Issues:

Implement a County Health Department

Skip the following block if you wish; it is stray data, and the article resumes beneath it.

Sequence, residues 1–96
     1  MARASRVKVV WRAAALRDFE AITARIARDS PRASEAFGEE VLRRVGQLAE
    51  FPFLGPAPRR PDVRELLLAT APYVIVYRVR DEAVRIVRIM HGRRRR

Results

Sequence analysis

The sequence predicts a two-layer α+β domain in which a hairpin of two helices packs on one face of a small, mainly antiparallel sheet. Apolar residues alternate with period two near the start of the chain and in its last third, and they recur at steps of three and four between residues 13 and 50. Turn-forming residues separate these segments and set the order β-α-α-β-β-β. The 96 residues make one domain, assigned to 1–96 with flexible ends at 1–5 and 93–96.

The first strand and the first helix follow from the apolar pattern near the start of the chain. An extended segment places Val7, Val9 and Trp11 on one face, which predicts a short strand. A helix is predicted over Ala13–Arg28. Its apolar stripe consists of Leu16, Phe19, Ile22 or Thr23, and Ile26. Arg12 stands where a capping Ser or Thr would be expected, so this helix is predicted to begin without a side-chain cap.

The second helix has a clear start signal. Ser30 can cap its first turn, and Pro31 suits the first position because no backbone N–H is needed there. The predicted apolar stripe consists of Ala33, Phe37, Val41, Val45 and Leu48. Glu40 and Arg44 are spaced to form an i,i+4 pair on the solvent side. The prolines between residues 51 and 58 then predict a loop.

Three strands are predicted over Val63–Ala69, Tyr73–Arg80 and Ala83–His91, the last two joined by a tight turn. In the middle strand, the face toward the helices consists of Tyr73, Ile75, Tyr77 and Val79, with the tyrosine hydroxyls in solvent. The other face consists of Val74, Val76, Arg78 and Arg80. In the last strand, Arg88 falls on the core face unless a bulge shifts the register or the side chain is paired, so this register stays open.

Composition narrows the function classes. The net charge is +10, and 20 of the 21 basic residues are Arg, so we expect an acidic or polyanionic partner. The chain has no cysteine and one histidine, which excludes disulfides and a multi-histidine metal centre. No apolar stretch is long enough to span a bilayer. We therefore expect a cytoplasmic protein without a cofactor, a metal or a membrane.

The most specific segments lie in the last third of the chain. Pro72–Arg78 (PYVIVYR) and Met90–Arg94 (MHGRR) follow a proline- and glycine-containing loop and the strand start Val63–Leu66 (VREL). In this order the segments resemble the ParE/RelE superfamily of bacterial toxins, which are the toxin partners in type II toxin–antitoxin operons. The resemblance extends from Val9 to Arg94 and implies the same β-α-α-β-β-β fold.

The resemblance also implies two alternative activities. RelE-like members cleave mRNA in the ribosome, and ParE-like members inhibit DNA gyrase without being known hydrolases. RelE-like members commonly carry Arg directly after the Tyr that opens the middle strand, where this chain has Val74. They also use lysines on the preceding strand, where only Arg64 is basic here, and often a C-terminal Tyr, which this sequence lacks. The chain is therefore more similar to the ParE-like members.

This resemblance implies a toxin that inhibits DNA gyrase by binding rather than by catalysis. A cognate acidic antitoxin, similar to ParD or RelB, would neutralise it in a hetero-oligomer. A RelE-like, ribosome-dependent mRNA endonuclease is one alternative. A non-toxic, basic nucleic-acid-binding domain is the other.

Delaware County is one of the few counties its size in the nation without a county health department. The county must implement a health department run by medical professionals who can coordinate our response to emergencies like the overdose crisis or any other threat like bio-terrorism, an outbreak of Ebola, the West Nile virus, Meningitis, an uptick in AIDS cases, Hepatitis C, sexually transmitted diseases, a new flu strain or the effects of an environmental hazard. A county health department ensures tap water we drink, restaurant food we eat and air we breathe is safe. A county health department will participate in developing new policies and standards that address existing and emerging challenges to our community’s health while enforcing a range of laws to help keep us safe. A county health department will work with local universities and hospitals conducting research to make sure issues effecting us are addressed by these stake holders and provide our staff training to maintain and co-ordinate standards of excellence in providing medical services. A county health department will work with local hospitals, treatment facilities and doctors to insure that adequate levels of care are available to meet the needs of those suffering from mental health and substance use disorder. Our loved ones should never be told that a bed is not available to them or a doctor certified in an area of treatment is not locally available. A county health department will insure that facilities are expanded and doctors are recruited to meet local needs. A county health department will insure that the Federal Parity Act (2008) is enforced, providing best medical practices to those suffering from mental health and substance use disorders. Implementing a health department is the only way to insure that the county receives its share of grants from the state and federal governments as well as private foundations.

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